BTW, even if you use twice the lower number (i.e. the monthly average number of private sector jobs produced since the recovery began in 2010) your assertion that this is what is required to count as a recovery makes no sense. You are in effect claiming that no recovery even begins if anything less than an annual run rate of 314,000 jobs per month is achieved.

                  Guess what? An annual run rate of 314,000 jobs per month (or higher) was only achieved twice in the 73 years records have been kept. The first was in 1946 during the Truman Administration; the second was in 1978 during the Carter Administration. This job recovery rate has never been achieved during any of the six Republican Administrations since 1939. So I guess there has never been a jobs recovery during a Republican Administration?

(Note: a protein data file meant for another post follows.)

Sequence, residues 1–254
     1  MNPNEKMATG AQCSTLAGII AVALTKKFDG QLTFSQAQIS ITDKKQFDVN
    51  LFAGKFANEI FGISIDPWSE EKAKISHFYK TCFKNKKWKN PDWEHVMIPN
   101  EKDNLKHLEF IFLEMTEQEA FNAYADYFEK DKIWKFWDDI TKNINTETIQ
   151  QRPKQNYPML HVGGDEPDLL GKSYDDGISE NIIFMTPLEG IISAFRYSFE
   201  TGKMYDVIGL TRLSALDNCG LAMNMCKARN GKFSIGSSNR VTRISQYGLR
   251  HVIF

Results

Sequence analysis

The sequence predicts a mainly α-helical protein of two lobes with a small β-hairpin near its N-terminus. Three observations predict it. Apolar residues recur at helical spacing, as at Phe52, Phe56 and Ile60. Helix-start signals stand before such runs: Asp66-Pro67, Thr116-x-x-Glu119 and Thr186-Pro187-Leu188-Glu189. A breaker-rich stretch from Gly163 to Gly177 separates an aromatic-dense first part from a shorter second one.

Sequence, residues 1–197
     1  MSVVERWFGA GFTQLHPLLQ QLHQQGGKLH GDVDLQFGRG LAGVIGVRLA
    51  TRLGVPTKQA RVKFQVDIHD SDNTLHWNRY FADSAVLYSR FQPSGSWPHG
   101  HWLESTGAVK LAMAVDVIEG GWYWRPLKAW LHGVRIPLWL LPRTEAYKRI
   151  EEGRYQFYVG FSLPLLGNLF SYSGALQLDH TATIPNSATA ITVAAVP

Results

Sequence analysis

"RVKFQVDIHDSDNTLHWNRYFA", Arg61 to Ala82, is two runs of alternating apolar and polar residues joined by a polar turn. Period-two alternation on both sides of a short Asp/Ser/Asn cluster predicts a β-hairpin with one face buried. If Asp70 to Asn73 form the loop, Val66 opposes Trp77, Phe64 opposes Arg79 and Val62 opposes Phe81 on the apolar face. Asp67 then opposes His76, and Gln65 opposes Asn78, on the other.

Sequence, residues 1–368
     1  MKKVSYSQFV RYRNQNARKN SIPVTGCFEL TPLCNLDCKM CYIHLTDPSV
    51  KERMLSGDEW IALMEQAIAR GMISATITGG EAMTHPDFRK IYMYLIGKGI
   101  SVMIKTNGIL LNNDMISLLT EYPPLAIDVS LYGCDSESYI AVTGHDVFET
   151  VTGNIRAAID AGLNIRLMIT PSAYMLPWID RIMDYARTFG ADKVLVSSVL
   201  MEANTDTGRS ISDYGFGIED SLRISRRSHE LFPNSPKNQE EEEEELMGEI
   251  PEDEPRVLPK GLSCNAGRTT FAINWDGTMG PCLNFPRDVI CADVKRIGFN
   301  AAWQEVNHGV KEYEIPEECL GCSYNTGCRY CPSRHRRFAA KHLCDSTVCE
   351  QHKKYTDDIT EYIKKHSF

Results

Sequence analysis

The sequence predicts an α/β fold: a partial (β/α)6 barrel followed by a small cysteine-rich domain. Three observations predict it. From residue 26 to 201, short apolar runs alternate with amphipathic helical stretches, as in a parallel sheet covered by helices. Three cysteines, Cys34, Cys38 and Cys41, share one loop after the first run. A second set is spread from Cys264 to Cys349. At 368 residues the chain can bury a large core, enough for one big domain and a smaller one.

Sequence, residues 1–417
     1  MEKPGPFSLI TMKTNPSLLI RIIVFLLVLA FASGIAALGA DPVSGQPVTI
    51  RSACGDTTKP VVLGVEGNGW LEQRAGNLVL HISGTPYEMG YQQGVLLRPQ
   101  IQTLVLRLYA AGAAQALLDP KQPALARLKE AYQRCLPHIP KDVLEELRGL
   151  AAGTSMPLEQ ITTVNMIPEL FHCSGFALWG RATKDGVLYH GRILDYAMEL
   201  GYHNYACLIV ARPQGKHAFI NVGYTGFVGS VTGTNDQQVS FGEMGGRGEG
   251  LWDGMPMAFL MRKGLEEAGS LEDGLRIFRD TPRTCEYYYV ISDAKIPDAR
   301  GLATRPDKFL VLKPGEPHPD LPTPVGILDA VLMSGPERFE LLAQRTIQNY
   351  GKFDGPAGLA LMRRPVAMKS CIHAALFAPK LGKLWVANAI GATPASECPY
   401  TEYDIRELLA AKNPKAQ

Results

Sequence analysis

• K-Bob

                  Nope. *Two* months. One was over 800,000 and the other was over 900,000.

                  You need to look at past recoveries to see why the larger number of jobs growth is critical. Also that graph showing the net losses when you factor in population growth helps explain why, and shows clearly how awful the SCOAMF’s economic policies have been. This is basic econ. You can’t spin away the largest period of postwar (WWII) economic growth by looking at “annual run rates”. Data doesn’t work in annual run rates. It works like the stock market. Ups and downs.

                  You are pulling a “hockey stick” game with the stats here. (Exactly how the AGW crowd faked the bogus rate of increase in temperatures.)

                • jm0912be